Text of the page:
Keith is a member of the Board of Directors for the Stanley Thompson Society and he lives in Cambridge, Ontario with his wife, daughter and twin boys.
Top 100 Golf Courses
To order your copy of The Evolution of Golf Course Design, click the link
Part 1 continued
Cutten takes us on a journey that starts in St Andrews, Musselburgh and North Berwick – “three golf centres (which were at that time) the focus of the golfing world” – then spreads out “as Scottish professionals sought to capitalise on the rapidly expanding golf markets.”
Unfortunately, men like Tom Dunn, the most prolific designer of his era, had a design style that was simplistic, basic and functional. As the author states: “Golf courses were simply viewed as playing fields from which the golfing professionals could, through the sale of golfing equipment, make their ‘real’ income.”
Another Scotsman, Tom Bendelow, became known by his nickname as “The Johnny Appleseed of Golf,” as he laid out hundreds of courses in America at the start of the 20th century. Most of them were very elementary but they helped to quickly spread the game around the country before others came along to build courses that eschewed a penal Victorian-style of design in favour of a more strategic approach.
Renowned architects Donald Ross, Harry Colt, A.W. Tillinghast and Alister MacKenzie all visited and often contributed towards the creation of the Pine Valley course and this project became something of a landmark design. As stated by the author, “collaboration, and the sharing of ideas, became the industry norm, permitting an early form of peer review, which would help push the boundaries of the developing discipline.”
There may have been great unrest in Great Britain and Europe after World War I but the Roaring Twenties was a period of great prosperity in the United States and Canada, leading to four significant ‘schools of design’ which helped shape the golfing landscape in North America and beyond (as far as Australia and South America, in fact) during that time.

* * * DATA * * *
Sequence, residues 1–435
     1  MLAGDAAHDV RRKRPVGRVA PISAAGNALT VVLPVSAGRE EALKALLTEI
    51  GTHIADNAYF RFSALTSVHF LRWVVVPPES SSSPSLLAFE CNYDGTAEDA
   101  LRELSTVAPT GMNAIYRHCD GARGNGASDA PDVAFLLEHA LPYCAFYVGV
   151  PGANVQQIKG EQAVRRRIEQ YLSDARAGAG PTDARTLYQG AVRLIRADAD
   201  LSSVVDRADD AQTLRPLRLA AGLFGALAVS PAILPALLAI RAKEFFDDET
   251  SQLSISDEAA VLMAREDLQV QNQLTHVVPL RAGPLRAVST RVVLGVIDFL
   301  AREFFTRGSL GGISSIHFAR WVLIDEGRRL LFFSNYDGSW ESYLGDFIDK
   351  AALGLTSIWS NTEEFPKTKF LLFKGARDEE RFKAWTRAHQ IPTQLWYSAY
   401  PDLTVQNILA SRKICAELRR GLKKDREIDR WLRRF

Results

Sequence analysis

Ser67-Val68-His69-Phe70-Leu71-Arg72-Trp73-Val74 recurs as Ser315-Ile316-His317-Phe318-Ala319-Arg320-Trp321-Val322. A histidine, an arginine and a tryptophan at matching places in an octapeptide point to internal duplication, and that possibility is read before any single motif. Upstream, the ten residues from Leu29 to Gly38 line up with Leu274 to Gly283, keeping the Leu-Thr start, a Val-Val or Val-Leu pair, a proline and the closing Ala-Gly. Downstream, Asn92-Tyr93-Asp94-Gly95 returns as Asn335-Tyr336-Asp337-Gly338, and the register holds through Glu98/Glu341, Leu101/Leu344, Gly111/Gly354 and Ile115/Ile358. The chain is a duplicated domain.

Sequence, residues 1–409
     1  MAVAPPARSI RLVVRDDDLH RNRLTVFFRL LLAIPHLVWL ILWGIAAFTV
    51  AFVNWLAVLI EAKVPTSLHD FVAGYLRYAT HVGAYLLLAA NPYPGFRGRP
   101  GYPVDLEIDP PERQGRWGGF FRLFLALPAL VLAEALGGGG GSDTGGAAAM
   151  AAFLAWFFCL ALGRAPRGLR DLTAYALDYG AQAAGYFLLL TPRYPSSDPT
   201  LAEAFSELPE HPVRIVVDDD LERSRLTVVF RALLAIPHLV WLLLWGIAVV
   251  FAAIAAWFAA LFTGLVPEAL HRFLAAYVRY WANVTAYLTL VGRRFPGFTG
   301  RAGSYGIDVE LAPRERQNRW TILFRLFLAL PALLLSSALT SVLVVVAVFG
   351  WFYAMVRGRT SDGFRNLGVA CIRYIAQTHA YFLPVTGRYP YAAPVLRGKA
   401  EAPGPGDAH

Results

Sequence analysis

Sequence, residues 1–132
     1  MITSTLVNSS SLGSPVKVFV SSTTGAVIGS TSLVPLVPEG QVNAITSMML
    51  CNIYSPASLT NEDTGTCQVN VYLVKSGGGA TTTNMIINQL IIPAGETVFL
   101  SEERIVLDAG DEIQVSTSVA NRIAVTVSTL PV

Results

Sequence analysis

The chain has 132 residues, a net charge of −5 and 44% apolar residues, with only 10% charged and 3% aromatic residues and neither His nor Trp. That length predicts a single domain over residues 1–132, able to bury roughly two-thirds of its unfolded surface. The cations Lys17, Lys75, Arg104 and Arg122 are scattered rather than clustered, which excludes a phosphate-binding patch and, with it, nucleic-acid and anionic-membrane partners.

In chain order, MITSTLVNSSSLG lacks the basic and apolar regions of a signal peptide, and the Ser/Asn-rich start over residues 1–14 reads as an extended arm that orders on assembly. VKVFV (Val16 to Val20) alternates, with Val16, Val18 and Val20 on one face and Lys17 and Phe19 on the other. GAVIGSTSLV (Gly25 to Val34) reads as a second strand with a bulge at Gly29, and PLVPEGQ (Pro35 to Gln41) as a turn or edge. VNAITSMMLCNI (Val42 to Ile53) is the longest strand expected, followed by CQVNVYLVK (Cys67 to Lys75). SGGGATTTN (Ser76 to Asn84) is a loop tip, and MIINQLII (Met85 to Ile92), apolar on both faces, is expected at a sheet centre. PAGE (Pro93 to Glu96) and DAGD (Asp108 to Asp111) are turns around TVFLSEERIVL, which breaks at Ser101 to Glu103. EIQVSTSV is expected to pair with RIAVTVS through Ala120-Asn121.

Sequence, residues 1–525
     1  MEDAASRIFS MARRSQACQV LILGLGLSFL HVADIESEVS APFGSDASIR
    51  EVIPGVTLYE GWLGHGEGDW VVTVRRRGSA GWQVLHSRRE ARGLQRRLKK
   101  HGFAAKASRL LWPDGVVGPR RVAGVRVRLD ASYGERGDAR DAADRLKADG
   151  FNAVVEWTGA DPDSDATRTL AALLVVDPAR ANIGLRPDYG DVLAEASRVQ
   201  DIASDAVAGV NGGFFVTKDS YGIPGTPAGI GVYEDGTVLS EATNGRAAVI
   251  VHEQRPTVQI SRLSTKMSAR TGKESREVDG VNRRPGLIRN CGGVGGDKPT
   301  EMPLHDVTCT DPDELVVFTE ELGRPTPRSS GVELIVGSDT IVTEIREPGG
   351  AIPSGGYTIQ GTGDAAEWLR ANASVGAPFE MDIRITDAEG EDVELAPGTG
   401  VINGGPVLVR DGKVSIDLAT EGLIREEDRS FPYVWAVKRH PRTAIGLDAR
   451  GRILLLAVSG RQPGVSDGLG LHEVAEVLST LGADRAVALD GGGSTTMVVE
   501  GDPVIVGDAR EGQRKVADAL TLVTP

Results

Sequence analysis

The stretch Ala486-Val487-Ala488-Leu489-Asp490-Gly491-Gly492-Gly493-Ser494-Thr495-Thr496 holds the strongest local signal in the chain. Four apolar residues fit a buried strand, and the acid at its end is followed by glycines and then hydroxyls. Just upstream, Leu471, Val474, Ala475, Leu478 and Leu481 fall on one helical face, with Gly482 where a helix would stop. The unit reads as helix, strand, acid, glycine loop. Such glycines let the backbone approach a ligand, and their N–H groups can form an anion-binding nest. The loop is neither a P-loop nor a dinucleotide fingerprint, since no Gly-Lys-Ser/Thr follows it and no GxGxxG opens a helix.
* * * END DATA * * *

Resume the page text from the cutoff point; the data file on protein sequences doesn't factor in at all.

The dramatic intervention of the Second World War was followed by a period during the 1950s and 1960s when the heroic style of Robert Trent Jones Sr. (merging penal and strategic schools of design) held sway. His repeatable formula enabled his company to churn out a new course every month on average for over twenty years.
In the 1970s, economic uncertainty with an OPEC oil embargo against the US and conflicts between the unions and the government in the UK were juxtaposed against something of an oil boom in Canada but the general disquiet led to a severe downturn in new course development, from an average of 380 per annum in the US during the 1960s to around 150 by the end of the following decade.
Pete Dye, whose work never found favour with many (according to Geoff Shackelford) because it “seemed too ‘quirky,’ too busy-looking or just too difficult,” introduced time-honoured links elements into his designs but, more importantly, he was a strong advocate of the ‘design-build’ method, personally shaping features himself when required, and this ‘design in the dirt’ would be an example for other architects to follow.
The Cornish and Whitten book The Architects of Golf in 1993 made mention of a low-profile trend that might be emerging and this minimalist style – where the “visual ‘trappings’ which cluttered the highly manicured courses of the 1980s were stripped away” – allowed more natural, rugged aspects to prevail, with courses reflecting the characteristics of the property onto which they’d been set.
Golf club committees became more aware of the need to renovate or restore their existing courses. Some wanted to reinstate the original design intent of their layouts, others wanted to modernize tired tracks that had lost their lustre. There were also clubs which felt the course had to be toughened up for a forthcoming major tournament or some that just wanted to ‘keep up with the Joneses’… by hiring one of the Jones family to do the work!
The credit crunch and real estate crash of 2008 had a major impact on new golf construction, with the resulting economic recession lasting more than five years. Despite the closure of a large number of courses, the destination model (which has two or more upscale courses at a single, often remote location) flourished, with Bandon Dunes, Streamsong, Cabot Links and Sand Valley leading the way in North America.
The restoration of Donald Ross’s Pinehurst #2 course in preparation for the 2014 US Open is cited as a landmark project, where Bill Coore and Ben Crenshaw replaced large swathes of rough with natural sandy waste areas and widened fairways, reducing the 150-acre maintained area by more than 20% and using 15 million gallons of water a year for irrigation instead of 55 million gallons. Even hardened environmentalists must have been thrilled with the layout’s new eco credentials.